As the corporate sector gains dominance in healthcare provision, profits are soaring. At the same time, there is a race to the bottom in terms of working conditions, wages and quality of services, with patients facing unethical practices and escalating costs. However, unions are able to fight back. The recent success of the struggle of nurses representing the United Nurses Association (UNA) at the Maharaja Angoran Hospital in Delhi was welcomed by the workshop.
The new arena for corporate profiteering: the digital economy where digital monopolies are aiming to block future avenues for regulation as well as have a free hand over big data was discussed. Precarious labour is disguised as flexible labour in what is called the ‘gig’ economy. As data and algorithms gain a central role in the IT sector, workers get alienated from the production process in the industry. The resultant de-skilling of the workforce further contributes to the existing trend of decreasing share of wages in GDP, thus furthering inequality.
As FTAs entrench a legal framework of rights for foreign investors, they are also setting up pro corporate judicial mechanisms through the secretive international arbitration courts called the Investor State Dispute Settlement (ISDS) mechanism. As TNCs promote a system where only they can raise claims against governments, progressive governments and people's movements are demanding a system in the United Nations (UN) where TNCs are held accountable for human rights violations, including along their value chains. A draft of the UN binding treaty on TNCs and Human Rights will be presented at the UN Human Rights Council in October 2018.The workshop also explored the possibilities for the ILO's tripartite mechanism to be used to raise claims against corporations for trade related impacts on workers.
The workshop concluded that the free trade agenda is driven by TNCs and their lobbies and the push for ‘new generation’ FTAs represent the era of deep liberalisation. They will effectively close democratic policy spaces that are required by Governments to promote, respect, protect and fulfil human rights and provide quality public services and goods essential for a life in dignity. In the concluding strategy sessions, the unions decided to take forward various plans including conducting regional meetings across the country and also collaborate with progressive unions in the Asia Pacific region to create an Asia wide network of Trade Unions for Trade Justice. A meeting to begin this process will be held in Singapore in May 2018 at the sidelines of the upcoming RCEP Trade Negotiations Round.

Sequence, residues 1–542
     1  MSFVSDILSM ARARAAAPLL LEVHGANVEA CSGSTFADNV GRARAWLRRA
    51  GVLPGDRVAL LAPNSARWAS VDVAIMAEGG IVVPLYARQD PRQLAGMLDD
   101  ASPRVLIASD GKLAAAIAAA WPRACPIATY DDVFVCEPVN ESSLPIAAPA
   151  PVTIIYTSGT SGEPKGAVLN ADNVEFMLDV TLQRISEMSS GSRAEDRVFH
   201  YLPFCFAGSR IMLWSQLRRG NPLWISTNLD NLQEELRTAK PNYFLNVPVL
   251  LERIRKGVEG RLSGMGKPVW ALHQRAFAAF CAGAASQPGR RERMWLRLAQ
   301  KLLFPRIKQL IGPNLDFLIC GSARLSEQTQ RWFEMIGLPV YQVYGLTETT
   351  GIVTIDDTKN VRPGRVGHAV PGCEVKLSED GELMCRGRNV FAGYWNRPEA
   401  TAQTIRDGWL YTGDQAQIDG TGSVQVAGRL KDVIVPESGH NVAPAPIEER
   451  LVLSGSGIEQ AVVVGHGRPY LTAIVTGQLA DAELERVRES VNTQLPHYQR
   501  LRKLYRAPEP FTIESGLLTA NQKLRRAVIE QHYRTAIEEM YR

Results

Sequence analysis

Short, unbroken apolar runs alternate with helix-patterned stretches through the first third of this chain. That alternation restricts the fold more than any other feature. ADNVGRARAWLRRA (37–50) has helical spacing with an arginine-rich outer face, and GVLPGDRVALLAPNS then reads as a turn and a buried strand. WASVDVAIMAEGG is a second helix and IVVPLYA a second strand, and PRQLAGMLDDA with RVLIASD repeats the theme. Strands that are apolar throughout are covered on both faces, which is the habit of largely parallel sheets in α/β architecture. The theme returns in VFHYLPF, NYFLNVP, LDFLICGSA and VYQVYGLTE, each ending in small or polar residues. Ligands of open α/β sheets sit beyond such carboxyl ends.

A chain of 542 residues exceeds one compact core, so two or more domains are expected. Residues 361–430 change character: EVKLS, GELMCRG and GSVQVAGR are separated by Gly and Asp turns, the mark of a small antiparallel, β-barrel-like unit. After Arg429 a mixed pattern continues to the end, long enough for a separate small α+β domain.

Unions that participated in the workshop include All India Trade Union Congress (AITUC), Centre of Indian Trade Unions (CITU), Hind Mazdoor Sabha (HMS), Indian National Trade Union Congress (INTUC), Steel, Metal and Engineering Workers Federation of India (SMEFI), Steel Workers Federation of India (SWFI), Chemical Mazdoor Panchayat (CMP), Working Peoples Trade Union Council (WPTUC), Volvo Workers Union, Bangalore, Nagpur Municipal Corporation Employees (NMCE), United Nurses Association (UNA), Mumbai Mahanagar Karmachari Mahasangh (MMKM), Forum for Information Technology Employees (FITE), Karnataka and Tamil Nadu, National Organisation of Government Employees (NOGE), All India National Life Insurance Employees Federation (AINLIEF) and Delhi Transport Corporation Employees Congress (DTCEC).
Groups such as All India Progressive Forum (AIPF), IndustriALL global union, Center for Financial Accountability (CFA), Doctors Association for Social Equality - Tamil Nadu, IT for Change, and Bharath Gyan Vigyan Samithi (BGVS), Karnataka also participated.